What Exactly Is Web 2 0 An Introduction

What Exactly Is Web 2 0 An Introduction

When the​ internet first launched in​ 1969, it​ was a​ far different beast from that which its users know it​ as​ today. as​ opposed to​ the​ huge information resource center that it​ now is, the​ web from that was created almost forty years ago was part of​ an​ American program for​ space research called ARPA, or​ Advanced Research Projects Agency. When NASA was formed, ARPA moved away from space and​ air flight and​ concentrated on computers.

As part of​ their research, a​ framework to​ connect all their computers was established, called ARPAnet, and​ thus the​ internet was born. Jump forward thirteen years, and​ a​ whole host of​ web servers are now live. Not only does this cause problems trying to​ connect all the​ different time zones and​ languages, it​ leads to​ conflicting hardware, meaning some computers simply refuse to​ talk to​ each other. Therefore, a​ standard had to​ be agreed. This happened in​ 1982, when TCP/IP became the​ standard communication tool. Standing for​ Transmission Control Protocol and​ Internet Protocol, it’s the​ universal language worldwide for​ the​ internet and​ has been for​ the​ last twenty years plus.

Now, however, the​ internet is​ changing. Whereas before you might look up information on a​ new album or​ film, the​ explosion in​ popularity of​ digital downloading for​ these very same media formats mean that the​ information is​ in​ physical form as​ opposed to​ someone just writing about it. Social networking is​ the​ new buzzword – from MySpace to​ Facebook and​ beyond, the​ internet is​ the​ place to​ catch up with old friends, let everyone know what you're doing, share your music with a​ potential audience of​ billions – the​ potential is​ endless. and​ this is​ where the​ new Web 2.0 comes in.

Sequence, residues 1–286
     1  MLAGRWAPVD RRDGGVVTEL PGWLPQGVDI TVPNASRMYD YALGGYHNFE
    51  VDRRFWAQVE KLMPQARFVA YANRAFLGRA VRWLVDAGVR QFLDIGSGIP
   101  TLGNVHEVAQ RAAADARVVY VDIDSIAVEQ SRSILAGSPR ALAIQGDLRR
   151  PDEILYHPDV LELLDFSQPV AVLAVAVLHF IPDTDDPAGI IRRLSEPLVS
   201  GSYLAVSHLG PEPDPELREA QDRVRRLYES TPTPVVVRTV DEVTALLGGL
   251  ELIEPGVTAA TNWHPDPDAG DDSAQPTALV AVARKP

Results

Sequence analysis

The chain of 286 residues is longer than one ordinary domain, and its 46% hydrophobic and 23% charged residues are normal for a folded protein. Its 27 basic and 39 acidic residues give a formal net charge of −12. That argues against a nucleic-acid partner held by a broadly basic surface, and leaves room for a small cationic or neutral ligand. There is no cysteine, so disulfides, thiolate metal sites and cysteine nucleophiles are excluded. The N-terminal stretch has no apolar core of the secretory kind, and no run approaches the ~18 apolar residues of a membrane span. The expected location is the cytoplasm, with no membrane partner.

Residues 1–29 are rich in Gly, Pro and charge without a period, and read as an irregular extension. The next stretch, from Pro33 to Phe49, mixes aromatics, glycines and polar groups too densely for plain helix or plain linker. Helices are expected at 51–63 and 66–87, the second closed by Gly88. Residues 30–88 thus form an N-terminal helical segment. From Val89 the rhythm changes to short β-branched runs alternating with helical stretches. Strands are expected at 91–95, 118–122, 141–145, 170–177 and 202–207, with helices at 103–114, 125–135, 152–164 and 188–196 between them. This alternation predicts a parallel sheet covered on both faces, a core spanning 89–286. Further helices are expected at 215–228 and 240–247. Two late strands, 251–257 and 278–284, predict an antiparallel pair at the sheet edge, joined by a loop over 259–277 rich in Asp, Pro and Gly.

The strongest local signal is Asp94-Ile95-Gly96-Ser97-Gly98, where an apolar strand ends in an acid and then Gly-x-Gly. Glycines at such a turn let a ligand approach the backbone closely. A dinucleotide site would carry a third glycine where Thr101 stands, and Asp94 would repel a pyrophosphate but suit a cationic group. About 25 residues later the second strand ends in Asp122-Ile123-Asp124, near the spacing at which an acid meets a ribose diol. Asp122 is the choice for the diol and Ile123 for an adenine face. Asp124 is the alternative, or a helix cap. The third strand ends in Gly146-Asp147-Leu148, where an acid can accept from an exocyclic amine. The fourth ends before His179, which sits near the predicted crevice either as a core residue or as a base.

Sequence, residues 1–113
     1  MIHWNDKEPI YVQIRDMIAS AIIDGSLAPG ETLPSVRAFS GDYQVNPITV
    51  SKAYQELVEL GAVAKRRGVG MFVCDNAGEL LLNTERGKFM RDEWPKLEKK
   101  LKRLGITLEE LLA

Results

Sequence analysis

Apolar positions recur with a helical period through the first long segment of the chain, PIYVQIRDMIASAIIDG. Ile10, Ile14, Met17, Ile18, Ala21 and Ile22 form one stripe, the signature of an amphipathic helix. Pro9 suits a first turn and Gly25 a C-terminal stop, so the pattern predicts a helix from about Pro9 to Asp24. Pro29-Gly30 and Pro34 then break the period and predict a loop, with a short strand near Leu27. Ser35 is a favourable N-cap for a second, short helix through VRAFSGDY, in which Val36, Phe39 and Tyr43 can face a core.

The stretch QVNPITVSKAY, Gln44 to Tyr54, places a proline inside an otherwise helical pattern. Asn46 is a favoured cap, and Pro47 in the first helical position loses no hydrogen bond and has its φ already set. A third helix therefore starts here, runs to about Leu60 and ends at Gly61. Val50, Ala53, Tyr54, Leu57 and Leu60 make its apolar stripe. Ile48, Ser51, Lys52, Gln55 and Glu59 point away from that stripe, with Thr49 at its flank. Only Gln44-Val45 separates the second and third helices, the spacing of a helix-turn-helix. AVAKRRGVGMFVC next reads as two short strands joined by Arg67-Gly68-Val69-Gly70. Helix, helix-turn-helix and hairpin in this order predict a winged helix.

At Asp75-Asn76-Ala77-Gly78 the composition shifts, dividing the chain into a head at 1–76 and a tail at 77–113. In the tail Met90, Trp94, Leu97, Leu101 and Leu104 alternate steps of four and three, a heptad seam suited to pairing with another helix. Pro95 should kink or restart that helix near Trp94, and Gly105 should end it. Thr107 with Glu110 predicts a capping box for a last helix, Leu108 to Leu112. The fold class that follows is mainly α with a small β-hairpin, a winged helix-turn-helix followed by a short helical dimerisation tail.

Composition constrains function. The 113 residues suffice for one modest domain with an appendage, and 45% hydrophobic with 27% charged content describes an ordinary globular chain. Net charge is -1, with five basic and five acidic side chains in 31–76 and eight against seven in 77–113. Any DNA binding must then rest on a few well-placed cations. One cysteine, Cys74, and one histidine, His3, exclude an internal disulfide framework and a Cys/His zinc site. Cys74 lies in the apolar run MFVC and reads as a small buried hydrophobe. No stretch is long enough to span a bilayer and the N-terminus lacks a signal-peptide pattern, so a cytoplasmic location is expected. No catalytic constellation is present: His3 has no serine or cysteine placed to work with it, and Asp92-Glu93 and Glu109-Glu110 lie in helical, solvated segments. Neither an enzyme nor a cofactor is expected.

More an​ evolution than revolution, Web 2.0 is​ not being touted as​ a​ complete replacement for​ the​ existing internet features; it's more an​ extensive upgrade. Allowing users to​ communicate better with each other, Web 2.0 is​ seen as​ the​ next logical step in​ the​ internet, and​ allows far more user participation than just looking at​ web pages. Now you can link all your social network sites like Facebook and​ MySpace, and​ use them to​ promote your own music, ideas or​ products.

Web 2.0 is​ looking to​ strengthen the​ power that the​ normal, everyday web surfer has at​ their fingertips. Instead of​ just big business and​ corporate companies having access to​ the​ latest technology and​ resources, sites like eBay, craigslist, Skype and​ AdSense, to​ name just a​ few, are letting anybody and​ everybody use the​ power and​ ease of​ use of​ the​ internet to​ get any message they want across, or​ to​ buy and​ sell goods, or​ have a​ voice conversation between two computers. This is​ the​ true beauty of​ Web 2.0, and​ one of​ many reasons that people are getting excited.

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